We first visited with a number of elders.  Although now dressed in modern clothes, it is easy to see why Konyak men may have inspired fear from their enemies, as they are extensively tattooed, both on their face and their bodies.  The traditional tattoos on their face give them raccoon–like eyes as the tattoo circles the eyes like ski goggles.  The older males also wear large earrings traditionally made of boar horn but which are now sometimes substituted with anything of similar sizes like bamboo plugs or old bullet casings.  They also wear bead necklaces and some of the men sport a yanra, a pendant representing severed heads.  These yanra originally denoted the number of human heads a warrior had taken. Women are mainly adorned with bright orange bead necklaces and big earrings, both in the traditional ear lobe and, for some, also in the upper part of their ears.  Looking like small antennas, I was told that these “upper” earrings are made of porcupine thorns, which are dyed red or orange.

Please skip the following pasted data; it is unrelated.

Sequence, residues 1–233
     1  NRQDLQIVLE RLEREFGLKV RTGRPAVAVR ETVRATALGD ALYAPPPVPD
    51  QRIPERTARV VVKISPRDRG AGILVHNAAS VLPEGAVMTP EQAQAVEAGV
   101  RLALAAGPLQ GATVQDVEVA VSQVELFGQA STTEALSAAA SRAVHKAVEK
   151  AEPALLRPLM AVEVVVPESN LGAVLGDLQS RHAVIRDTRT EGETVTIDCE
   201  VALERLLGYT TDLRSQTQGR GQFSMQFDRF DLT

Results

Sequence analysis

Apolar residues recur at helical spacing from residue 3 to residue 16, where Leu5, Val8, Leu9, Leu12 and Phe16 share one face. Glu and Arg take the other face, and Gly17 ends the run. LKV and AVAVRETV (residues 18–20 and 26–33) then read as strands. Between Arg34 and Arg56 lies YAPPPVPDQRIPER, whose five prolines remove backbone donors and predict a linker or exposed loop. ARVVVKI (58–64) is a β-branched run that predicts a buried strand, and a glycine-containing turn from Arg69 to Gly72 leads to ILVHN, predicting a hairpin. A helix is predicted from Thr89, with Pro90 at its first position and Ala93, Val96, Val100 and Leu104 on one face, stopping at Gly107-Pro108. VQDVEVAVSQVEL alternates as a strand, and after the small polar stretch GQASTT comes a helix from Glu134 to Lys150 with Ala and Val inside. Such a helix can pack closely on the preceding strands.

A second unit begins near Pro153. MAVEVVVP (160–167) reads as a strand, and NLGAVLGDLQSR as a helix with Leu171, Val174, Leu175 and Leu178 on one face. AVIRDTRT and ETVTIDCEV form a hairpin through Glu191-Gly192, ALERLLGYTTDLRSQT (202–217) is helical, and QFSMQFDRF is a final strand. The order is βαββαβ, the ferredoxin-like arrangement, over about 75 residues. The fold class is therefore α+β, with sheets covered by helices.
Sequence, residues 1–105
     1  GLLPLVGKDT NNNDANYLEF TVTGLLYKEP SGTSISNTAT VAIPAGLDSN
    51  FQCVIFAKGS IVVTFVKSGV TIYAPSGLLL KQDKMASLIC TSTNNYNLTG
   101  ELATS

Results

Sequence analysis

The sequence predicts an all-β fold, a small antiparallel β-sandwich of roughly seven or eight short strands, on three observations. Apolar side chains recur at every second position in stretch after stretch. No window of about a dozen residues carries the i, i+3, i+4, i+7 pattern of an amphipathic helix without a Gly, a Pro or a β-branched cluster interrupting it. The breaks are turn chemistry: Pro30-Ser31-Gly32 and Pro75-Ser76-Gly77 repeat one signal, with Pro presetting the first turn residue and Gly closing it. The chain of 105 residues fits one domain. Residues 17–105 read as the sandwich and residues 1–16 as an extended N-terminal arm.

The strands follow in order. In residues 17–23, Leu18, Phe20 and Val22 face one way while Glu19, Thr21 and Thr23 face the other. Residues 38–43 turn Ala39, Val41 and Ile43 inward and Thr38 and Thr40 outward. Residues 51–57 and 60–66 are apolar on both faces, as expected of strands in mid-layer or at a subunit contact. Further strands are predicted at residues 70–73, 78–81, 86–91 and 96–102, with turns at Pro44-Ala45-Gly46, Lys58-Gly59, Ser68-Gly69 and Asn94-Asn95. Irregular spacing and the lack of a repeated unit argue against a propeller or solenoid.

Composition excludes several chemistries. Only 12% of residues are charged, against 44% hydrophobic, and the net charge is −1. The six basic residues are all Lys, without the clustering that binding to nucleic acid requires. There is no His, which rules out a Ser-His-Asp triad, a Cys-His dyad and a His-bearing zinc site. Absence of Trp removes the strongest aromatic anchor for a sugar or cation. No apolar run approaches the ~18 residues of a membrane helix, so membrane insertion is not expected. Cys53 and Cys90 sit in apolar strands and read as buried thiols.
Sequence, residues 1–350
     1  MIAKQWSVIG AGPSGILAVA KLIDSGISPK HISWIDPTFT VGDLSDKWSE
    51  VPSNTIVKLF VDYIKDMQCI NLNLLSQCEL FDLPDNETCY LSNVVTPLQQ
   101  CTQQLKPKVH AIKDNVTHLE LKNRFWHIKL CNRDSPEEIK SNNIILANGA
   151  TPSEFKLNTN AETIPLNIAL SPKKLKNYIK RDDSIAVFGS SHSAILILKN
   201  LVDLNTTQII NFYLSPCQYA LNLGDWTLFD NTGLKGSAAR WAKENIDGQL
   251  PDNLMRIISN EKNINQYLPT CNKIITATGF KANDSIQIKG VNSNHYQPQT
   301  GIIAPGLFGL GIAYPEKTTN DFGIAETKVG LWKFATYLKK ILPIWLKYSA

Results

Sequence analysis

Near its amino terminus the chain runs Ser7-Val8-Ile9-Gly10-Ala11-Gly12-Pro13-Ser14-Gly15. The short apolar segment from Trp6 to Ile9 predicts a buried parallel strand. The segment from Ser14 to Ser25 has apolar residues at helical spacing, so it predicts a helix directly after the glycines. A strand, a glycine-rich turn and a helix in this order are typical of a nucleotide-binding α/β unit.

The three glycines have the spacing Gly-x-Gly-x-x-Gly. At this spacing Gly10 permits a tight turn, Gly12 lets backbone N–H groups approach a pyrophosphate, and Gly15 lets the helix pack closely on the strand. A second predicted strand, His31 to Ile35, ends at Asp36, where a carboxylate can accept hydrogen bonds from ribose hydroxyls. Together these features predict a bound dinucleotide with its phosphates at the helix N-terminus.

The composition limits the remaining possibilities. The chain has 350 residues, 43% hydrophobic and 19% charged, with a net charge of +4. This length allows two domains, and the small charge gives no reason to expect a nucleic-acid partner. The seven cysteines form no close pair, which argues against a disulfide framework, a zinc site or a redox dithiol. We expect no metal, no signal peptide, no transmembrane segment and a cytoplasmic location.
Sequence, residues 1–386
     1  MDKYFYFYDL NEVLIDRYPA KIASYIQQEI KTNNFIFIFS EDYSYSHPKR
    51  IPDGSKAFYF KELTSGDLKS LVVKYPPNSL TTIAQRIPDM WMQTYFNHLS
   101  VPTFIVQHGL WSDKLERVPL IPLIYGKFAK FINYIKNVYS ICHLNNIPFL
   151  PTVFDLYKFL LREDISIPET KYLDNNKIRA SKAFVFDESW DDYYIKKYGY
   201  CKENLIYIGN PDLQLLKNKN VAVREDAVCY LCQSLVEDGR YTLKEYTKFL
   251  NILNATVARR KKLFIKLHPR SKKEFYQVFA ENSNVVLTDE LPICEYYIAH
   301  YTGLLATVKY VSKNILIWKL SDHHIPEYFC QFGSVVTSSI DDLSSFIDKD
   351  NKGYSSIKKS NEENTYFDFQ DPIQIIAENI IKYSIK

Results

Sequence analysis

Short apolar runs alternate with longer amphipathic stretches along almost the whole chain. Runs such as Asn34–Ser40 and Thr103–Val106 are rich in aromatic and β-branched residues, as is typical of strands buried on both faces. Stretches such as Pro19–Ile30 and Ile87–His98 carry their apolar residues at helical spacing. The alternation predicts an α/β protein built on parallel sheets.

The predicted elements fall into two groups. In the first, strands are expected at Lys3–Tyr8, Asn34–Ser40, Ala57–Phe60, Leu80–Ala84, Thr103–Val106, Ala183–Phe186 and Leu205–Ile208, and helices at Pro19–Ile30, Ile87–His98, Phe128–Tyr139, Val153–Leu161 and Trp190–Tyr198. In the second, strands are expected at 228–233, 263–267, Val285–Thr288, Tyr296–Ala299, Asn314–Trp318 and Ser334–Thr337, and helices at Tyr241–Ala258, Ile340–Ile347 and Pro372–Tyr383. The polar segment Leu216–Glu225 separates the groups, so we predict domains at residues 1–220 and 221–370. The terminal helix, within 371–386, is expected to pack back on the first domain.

The lifestyle in Northern Nagaland is harsh and demanding.  Men still go hunting regularly and both men and women can be seen carrying large bamboo baskets on their back as they navigate steep hills.  A typical Naga house has bamboo walls, a thatched roof, and essentially consists of one large room with a cooking station in the middle.  Skulls of various animals are likely to be found hanging from the ceiling, an indication of their well-deserved pride in their hunting skills.

They were plenty of youngsters around when we visited the various Konyak villages.  The young ones appear to be slowly adopting a more modern way of life, yet, they are still contributing to the work of the family. Every boy and girl we saw, even very small ones, was carrying a younger child on his or her back.